How I Became a Dog Mom at 19

Having a dog is kind of like having a toddler (but much less painful and time consuming obviously), and my Pomeranian puppy is no exception to this adorable annoyance. Piper likes to be cradled, likes to tear up random papers, and likes to splash around in her water rather than drink it. She whines when she’s tired, she cries when she wants attention, and she is pretty much helpless altogether (even though when she’s on a rampage it doesn’t seem like it).

I have an entire board on my Pinterest dedicated to babies and dogs. And because of this board, appropriately titled “CUTENESS” (I made this Pinterest in middle school okay?!) my feed popped up with a picture of a cuddling Pomeranian puppy. I thought my eyes were deceiving me, because surely this tiny creature couldn’t be a living thing. It was a dust ball found under the couch! Upon closer examination, I realized that I was mistaken – these animals were real, existed, and it was my destiny to have one.


Keep in mind, I was 18 and living in a college dorm when I decided this. However, with plans to move into a dog-friendly apartment, I was determined – and if you know me, once my mind is made up, there’s no turning back.

It actually was easier than I expected to convince my mom – just Google Pomeranian pictures or gifs. She was as hooked as I was! And my father has come to realize at this point in his life that there was no stopping my mom and I, a deadly duo when we set out to achieve something.


We knew that we wanted this puppy to be authentic, and raised in a loving and sheltered home. Having accidentally witnessed a puppy mill first hand as a young teenager (it was finally shut down and exposed this year), I was scarred for life. Finding a reputable and caring breeder should be an obvious, but an often overlooked thing, and I was determined to find the perfect and loved match.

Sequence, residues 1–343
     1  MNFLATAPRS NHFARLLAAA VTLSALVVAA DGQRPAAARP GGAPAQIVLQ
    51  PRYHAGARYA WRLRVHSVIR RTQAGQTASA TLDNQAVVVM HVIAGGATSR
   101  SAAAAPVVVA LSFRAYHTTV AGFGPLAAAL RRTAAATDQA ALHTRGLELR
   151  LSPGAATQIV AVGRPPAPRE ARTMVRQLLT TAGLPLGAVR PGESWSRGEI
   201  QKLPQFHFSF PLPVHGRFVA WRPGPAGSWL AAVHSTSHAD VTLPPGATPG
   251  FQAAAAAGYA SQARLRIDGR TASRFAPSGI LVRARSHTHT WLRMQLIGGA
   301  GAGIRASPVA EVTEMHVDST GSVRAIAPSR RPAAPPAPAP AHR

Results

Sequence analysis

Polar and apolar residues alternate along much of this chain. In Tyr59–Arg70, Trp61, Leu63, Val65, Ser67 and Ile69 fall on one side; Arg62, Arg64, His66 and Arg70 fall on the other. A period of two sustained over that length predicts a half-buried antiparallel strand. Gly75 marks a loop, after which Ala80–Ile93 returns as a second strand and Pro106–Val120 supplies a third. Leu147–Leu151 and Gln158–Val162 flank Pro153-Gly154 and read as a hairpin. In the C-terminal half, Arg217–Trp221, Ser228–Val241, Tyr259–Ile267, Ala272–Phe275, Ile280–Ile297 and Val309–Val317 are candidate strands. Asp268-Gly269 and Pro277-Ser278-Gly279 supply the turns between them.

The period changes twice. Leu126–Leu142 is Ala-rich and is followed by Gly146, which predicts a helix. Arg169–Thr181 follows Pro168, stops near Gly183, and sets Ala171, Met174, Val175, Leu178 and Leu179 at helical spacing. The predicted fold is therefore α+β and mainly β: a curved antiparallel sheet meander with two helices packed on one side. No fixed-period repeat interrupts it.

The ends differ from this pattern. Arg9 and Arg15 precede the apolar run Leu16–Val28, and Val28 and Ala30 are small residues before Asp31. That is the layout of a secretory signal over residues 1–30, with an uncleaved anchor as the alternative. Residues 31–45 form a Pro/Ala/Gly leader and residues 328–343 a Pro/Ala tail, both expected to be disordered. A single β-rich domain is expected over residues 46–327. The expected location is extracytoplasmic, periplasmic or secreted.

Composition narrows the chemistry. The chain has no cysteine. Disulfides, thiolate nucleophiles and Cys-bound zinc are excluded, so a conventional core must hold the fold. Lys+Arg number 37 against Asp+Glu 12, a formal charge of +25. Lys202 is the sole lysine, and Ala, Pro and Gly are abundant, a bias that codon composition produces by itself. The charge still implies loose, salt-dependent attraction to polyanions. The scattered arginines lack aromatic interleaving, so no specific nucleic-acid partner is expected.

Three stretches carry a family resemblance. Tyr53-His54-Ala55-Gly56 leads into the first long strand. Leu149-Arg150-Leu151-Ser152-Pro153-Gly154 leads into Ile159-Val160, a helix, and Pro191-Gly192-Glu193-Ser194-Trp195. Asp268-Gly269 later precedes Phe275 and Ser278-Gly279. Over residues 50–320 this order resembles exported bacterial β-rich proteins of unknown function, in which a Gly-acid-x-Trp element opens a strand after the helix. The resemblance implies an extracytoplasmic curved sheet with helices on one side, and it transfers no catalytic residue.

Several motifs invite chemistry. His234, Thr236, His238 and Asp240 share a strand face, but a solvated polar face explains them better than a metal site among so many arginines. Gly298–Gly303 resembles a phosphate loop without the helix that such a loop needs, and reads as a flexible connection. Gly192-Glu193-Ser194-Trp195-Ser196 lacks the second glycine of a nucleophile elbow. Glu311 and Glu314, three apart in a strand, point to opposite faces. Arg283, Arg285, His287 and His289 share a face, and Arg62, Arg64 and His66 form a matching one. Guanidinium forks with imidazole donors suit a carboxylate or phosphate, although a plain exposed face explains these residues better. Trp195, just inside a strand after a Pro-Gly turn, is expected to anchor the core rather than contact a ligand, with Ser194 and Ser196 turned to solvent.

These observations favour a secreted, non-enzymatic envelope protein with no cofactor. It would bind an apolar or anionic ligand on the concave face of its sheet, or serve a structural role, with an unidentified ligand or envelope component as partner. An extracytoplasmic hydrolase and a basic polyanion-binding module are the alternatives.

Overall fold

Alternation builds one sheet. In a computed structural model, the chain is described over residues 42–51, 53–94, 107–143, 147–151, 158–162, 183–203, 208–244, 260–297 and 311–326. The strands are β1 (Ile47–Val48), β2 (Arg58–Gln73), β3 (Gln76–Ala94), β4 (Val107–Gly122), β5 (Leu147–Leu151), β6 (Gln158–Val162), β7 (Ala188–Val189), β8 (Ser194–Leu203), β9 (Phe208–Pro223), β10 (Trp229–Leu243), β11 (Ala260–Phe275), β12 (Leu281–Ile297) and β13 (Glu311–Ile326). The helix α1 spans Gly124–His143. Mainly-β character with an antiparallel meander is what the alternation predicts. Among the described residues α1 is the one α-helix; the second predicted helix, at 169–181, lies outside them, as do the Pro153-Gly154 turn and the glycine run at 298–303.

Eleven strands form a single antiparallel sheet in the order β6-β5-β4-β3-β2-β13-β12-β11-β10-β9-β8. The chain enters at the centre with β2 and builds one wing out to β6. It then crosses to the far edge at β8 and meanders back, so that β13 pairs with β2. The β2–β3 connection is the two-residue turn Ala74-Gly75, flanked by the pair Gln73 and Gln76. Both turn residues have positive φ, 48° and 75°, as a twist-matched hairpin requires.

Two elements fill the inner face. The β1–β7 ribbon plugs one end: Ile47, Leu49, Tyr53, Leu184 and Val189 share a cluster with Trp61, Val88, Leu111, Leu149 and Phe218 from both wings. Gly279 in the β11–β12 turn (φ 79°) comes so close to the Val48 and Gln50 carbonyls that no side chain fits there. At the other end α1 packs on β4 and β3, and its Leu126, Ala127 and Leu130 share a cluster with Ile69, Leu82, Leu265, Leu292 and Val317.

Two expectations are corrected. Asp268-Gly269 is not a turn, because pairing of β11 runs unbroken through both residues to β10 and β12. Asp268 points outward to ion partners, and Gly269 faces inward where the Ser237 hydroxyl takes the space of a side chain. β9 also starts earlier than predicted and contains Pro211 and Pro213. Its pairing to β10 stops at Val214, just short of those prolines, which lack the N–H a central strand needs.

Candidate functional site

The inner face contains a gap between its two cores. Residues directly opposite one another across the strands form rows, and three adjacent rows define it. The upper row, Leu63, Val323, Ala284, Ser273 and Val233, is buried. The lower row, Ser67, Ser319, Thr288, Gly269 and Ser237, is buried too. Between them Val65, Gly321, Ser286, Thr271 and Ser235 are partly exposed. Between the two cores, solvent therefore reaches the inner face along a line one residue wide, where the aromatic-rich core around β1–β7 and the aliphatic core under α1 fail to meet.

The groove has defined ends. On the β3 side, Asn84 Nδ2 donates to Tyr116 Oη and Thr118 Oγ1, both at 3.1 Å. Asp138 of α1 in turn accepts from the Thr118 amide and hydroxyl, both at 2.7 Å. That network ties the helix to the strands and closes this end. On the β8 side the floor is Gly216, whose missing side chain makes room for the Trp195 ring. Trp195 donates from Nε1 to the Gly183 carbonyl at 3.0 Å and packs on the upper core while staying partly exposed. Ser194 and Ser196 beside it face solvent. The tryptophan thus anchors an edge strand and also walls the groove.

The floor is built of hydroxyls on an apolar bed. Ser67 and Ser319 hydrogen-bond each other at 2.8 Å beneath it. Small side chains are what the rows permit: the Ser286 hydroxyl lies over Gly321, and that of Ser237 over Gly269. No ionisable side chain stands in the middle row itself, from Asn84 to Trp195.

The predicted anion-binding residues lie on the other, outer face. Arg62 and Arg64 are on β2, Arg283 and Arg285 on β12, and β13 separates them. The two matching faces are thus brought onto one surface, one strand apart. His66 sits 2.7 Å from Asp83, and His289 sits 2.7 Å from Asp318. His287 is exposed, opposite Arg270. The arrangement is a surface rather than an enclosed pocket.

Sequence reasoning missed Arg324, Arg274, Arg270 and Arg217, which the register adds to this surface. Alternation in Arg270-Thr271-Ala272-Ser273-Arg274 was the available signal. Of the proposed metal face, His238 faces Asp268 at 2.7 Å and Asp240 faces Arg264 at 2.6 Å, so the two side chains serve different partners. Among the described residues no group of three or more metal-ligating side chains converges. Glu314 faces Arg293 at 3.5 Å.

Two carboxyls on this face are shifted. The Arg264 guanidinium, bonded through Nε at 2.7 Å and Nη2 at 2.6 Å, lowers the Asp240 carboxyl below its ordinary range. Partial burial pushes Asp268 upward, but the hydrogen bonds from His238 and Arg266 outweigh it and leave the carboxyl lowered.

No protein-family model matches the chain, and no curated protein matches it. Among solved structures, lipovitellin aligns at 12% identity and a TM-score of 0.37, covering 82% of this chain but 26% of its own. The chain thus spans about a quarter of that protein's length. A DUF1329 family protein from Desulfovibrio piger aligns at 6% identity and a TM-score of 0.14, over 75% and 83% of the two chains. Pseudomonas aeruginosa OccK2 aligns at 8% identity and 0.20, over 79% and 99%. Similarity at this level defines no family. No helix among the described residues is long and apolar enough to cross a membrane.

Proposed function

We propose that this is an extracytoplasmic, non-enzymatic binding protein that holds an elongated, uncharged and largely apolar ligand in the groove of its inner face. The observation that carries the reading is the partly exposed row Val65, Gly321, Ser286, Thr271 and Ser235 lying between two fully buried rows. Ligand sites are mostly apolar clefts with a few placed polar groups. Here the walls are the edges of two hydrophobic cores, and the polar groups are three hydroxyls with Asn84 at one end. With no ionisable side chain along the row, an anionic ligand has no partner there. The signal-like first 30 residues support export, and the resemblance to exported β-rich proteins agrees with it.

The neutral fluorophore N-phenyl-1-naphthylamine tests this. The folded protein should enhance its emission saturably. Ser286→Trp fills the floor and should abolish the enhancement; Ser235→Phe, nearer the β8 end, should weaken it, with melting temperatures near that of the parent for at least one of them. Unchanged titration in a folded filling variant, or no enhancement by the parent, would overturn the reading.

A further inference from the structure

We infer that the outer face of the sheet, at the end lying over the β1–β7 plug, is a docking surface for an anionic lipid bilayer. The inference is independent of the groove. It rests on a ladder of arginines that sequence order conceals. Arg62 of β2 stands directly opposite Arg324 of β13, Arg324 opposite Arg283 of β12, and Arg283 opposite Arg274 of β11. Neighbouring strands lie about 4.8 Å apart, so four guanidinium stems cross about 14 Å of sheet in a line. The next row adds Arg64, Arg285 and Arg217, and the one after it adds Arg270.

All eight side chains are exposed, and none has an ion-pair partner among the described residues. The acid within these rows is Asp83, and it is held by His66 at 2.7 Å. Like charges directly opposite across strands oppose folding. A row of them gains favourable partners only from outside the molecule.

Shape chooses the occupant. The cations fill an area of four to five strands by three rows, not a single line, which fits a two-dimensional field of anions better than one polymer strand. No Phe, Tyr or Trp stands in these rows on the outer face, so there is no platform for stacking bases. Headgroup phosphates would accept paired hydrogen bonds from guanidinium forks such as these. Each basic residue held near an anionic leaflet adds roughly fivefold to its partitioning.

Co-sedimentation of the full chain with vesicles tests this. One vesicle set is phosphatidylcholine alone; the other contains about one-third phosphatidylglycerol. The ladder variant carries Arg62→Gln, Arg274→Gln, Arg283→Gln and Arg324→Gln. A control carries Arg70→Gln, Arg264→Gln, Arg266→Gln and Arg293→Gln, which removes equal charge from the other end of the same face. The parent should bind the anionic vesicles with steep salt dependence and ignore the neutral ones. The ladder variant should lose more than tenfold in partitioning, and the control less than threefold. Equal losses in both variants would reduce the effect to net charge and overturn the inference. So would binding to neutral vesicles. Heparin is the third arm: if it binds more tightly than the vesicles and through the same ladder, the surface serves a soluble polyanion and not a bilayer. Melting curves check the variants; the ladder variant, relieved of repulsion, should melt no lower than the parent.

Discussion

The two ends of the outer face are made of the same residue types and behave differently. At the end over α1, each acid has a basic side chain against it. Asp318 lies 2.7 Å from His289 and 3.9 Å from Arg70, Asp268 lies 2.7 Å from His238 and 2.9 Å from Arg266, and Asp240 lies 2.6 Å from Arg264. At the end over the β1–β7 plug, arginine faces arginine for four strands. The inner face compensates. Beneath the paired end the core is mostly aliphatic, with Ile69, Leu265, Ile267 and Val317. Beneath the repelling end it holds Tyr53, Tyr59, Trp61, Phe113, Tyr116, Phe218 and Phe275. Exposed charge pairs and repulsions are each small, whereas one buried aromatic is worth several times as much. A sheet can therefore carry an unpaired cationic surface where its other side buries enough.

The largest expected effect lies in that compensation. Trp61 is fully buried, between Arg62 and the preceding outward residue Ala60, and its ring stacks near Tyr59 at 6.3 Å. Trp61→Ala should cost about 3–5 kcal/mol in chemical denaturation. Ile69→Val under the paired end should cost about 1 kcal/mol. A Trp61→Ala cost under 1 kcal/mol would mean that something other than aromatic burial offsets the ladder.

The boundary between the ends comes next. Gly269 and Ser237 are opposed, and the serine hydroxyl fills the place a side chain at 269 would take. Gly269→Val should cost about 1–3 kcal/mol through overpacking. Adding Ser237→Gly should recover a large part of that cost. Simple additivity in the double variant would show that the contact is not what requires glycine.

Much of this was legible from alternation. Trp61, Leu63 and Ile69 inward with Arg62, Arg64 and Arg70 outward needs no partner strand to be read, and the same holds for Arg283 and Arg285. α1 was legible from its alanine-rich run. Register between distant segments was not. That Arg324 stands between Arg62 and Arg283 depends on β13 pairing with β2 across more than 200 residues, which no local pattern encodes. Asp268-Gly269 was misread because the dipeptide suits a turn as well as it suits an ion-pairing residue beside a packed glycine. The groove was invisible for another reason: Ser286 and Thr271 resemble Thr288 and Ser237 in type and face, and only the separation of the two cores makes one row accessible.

Fast forward to a few Internet searches every day for almost two long and hopeful months, I found a website of a woman who breeds Pomeranians, and happened to have a liter that was for ready for adoption at the beginning of summer. Ignoring the fact that this woman lives near the Canadian border, once we began communicating, the deed had been done – I was going to get one of her two cream-colored baby girls.

However, there was a catch. She had an identical sister, and every photo I was receiving was of the puppies together. My heart sank at the thought of separating them, but like a sign from heaven I got a text message from my aunt. She had seen the pictures (all the doing of my mother), and she wanted the twin sister.


Fast forward again, I’m living back in Omaha for the summer, eagerly waiting for the due date of when the puppies were ready to come home. My mom, aunt and I had booked the hotel, packed the car, and loaded up on the road trip essentials. 48 hours later, 20+ of those hours spent in the car, we brought our babies home – Piper and Poppi.

As I write this, Piper is napping next to my chest, her little face so sweet and pure. She has made so many friends in Omaha, in Lawrence, at the University, and online (I mean c’mon, who wouldn’t follow this page? ). Having a dog is a long commitment, a testing one for sure. Potty training is still being taught, little dogs tend to bark more high pitched and frequently, and she has daily needs just like everyone else.

But if I’ve learned one thing from the process of having my own Pomeranian puppy, it’s how much love a dog can truly give. I’ve written about it before, but it’s a different connection when it’s just between you and your puppy. I know that Piper will be at my side for many events in my life, as the 20s and 30s can be the most life-changing years.


TLDR? Get a dog.

But be prepared for every challenge and difficult hour that undoubtedly comes. It’s not easy, but every puppy kiss, warm snuggle, and tiny bark is worth it. And if this all sounds too cliche for you, just come hang out with me and Piper for an hour, and you might change your mind.



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